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maxflow

Maximum flow in graph

Syntax

mf = maxflow(G,s,t)
mf = maxflow(G,s,t,algorithm)
[mf,GF] = maxflow(___)
[mf,GF,cs,ct] = maxflow(___)

Description

example

mf = maxflow(G,s,t) returns the maximum flow between nodes s and t. If graph G is unweighted (that is, G.Edges does not contain the variable Weight), then maxflow treats all graph edges as having a weight equal to 1.

example

mf = maxflow(G,s,t,algorithm) specifies the maximum flow algorithm to use. This syntax is only available if G is a directed graph.

example

[mf,GF] = maxflow(___) also returns a directed graph object, GF, using any of the input arguments in previous syntaxes. GF is formed using only the edges in G that have nonzero flow values.

example

[mf,GF,cs,ct] = maxflow(___) additionally returns the source and target node IDs, cs and ct, representing the minimum cut associated with the maximum flow.

Examples

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Create and plot a weighted graph. The weighted edges represent flow capacities.

s = [1 1 2 2 3 4 4 4 5 5];
t = [2 3 3 4 5 3 5 6 4 6];
weights = [0.77 0.44 0.67 0.75 0.89 0.90 2 0.76 1 1];
G = digraph(s,t,weights);
plot(G,'EdgeLabel',G.Edges.Weight,'Layout','layered');

Determine the maximum flow from node 1 to node 6.

mf = maxflow(G,1,6)
mf = 1.2100

Create and plot a graph. The weighted edges represent flow capacities.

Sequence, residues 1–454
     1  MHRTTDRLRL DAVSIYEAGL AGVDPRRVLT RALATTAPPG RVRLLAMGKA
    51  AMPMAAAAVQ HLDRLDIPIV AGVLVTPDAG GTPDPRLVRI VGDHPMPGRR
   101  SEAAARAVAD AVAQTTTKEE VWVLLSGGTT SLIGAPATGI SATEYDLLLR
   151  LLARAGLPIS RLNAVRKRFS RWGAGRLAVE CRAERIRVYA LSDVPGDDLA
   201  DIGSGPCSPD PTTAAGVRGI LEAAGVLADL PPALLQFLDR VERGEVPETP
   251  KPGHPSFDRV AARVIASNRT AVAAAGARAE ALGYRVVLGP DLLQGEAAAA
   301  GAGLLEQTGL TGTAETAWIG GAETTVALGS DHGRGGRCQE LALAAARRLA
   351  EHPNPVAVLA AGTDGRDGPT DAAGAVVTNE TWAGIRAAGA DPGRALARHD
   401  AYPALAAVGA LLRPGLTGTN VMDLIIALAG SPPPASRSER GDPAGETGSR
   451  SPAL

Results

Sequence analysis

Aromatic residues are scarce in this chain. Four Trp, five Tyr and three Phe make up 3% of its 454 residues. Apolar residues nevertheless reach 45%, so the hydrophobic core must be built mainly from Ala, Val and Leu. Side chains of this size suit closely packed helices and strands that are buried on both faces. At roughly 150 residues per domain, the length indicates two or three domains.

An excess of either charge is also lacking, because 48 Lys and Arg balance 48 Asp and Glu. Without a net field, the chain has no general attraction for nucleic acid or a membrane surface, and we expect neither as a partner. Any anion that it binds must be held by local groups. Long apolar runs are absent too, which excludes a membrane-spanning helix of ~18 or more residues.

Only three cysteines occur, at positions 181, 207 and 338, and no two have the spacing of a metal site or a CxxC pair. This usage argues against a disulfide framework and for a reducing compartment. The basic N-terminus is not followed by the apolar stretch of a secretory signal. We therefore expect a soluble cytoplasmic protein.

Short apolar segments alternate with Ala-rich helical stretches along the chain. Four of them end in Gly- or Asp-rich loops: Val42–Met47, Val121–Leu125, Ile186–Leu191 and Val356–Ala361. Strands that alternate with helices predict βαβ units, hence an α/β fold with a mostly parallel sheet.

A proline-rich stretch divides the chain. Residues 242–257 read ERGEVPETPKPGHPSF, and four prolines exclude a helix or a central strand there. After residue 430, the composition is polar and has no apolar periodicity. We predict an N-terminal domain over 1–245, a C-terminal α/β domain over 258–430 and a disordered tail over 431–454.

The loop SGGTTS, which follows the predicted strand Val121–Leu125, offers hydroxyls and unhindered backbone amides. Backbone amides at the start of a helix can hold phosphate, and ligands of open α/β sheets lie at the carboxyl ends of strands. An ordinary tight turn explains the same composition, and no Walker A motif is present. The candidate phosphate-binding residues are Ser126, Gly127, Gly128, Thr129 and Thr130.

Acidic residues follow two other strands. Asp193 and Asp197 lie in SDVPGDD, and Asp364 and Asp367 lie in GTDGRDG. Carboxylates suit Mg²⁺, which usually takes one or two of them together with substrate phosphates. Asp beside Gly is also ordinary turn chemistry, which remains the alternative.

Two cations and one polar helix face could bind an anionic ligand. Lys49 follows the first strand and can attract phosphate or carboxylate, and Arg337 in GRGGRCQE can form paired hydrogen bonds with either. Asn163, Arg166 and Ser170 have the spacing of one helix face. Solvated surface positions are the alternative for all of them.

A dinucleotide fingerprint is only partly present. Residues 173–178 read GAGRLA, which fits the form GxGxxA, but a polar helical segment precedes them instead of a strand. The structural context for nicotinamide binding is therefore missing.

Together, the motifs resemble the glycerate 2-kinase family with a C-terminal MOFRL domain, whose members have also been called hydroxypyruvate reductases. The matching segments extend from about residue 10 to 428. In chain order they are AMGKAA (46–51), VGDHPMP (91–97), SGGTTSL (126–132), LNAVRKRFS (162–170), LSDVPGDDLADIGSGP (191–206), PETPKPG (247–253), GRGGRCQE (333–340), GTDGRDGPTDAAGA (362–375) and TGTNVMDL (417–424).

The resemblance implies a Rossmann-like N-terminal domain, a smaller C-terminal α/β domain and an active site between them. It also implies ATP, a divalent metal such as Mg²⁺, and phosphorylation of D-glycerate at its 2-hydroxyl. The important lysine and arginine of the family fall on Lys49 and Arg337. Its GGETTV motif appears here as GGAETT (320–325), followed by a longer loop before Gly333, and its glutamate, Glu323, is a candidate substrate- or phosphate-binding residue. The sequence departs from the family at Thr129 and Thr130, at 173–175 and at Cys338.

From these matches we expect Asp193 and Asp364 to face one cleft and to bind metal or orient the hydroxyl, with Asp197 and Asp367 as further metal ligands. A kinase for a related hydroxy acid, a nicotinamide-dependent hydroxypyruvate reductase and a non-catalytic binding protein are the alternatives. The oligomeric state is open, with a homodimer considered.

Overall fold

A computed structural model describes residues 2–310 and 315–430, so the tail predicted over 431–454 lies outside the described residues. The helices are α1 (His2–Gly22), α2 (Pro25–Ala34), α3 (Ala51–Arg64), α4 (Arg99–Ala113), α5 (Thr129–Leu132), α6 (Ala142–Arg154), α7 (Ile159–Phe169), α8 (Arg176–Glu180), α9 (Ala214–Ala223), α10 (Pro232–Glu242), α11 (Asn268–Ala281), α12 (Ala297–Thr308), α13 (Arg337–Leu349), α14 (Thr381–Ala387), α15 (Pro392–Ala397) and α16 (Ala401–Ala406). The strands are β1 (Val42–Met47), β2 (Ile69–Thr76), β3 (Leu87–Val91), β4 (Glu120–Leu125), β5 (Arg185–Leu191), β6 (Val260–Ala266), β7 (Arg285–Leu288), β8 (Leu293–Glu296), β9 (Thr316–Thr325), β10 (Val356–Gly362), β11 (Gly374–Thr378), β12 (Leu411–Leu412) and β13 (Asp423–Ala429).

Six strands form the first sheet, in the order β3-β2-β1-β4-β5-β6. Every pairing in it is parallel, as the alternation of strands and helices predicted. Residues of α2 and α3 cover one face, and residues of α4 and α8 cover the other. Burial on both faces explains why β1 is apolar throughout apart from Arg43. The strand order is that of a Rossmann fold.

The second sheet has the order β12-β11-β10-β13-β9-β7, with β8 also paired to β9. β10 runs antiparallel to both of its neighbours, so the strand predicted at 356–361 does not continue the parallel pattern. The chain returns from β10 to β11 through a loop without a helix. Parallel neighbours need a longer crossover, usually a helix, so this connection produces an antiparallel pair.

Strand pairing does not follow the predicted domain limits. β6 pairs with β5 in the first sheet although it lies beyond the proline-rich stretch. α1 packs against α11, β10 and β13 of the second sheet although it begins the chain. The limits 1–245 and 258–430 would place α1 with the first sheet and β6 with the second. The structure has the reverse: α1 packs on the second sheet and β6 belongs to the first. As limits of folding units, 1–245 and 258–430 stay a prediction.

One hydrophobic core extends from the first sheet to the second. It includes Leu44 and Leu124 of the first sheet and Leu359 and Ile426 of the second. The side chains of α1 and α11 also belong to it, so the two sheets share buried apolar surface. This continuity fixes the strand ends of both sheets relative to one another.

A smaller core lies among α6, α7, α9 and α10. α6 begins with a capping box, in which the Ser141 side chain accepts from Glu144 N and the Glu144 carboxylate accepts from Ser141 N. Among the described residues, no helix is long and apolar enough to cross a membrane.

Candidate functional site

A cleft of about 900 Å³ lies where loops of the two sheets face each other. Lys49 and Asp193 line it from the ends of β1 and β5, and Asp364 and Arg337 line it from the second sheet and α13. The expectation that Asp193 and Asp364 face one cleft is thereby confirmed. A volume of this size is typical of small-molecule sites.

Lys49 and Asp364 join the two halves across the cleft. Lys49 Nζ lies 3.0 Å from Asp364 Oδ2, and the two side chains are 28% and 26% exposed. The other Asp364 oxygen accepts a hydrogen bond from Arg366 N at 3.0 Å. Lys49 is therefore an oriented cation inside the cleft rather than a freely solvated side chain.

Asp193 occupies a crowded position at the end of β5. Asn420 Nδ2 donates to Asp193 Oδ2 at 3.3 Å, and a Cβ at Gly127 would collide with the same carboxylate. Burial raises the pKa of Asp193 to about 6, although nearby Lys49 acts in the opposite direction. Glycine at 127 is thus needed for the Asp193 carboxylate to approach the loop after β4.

s = [1 1 2 2 3 3 4];
t = [2 3 3 4 4 5 5];
weights = [10 6 15 5 10 3 8];
G = digraph(s,t,weights);
H = plot(G,'EdgeLabel',G.Edges.Weight);

Find the maximum flow value between node 1 and node 5. Specify 'augmentpath' to use the Ford-Fulkerson algorithm, and use two outputs to return a graph of the nonzero flows.

[mf,GF] = maxflow(G,1,5,'augmentpath')
mf = 11
GF = 
  digraph with properties:

    Edges: [6x2 table]
    Nodes: [5x0 table]

Highlight and label the graph of nonzero flows.

H.EdgeLabel = {};
highlight(H,GF,'EdgeColor','r','LineWidth',2);
st = GF.Edges.EndNodes;
labeledge(H,st(:,1),st(:,2),GF.Edges.Weight);

Create and plot a weighted graph. The edge weights represent flow capacities.

s = [1 1 2 3 3 4 4 5 5];
t = [2 3 3 2 5 5 6 4 6];
weights = [0.77 0.44 0.67 0.69 0.73 2 0.78 1 1];
G = digraph(s,t,weights);
plot(G,'EdgeLabel',G.Edges.Weight,'Layout','layered')

Find the maximum flow and minimum cut of the graph.

[mf,~,cs,ct] = maxflow(G,1,6)
mf = 0.7300
cs = 3×1

     1
     2
     3

ct = 3×1

     4
     5
     6

Plot the minimum cut, using the cs nodes as sources and the ct nodes as sinks. Highlight the cs nodes as red and the ct nodes as green. Note that the weight of the edge that connects these two sets of nodes is equal to the maximum flow.

H = plot(G,'Layout','layered','Sources',cs,'Sinks',ct, ...
    'EdgeLabel',G.Edges.Weight);
highlight(H,cs,'NodeColor','red')
highlight(H,ct,'NodeColor','green')

Input Arguments

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Input graph, specified as either a graph or digraph object. Use graph to create an undirected graph or digraph to create a directed graph.

Example: G = graph(1,2)

Example: G = digraph([1 2],[2 3])

Node pair, specified as separate arguments of node indices or node names to indicate the source node and target node. This table shows the different ways to refer to nodes either by their node indices or by their node names.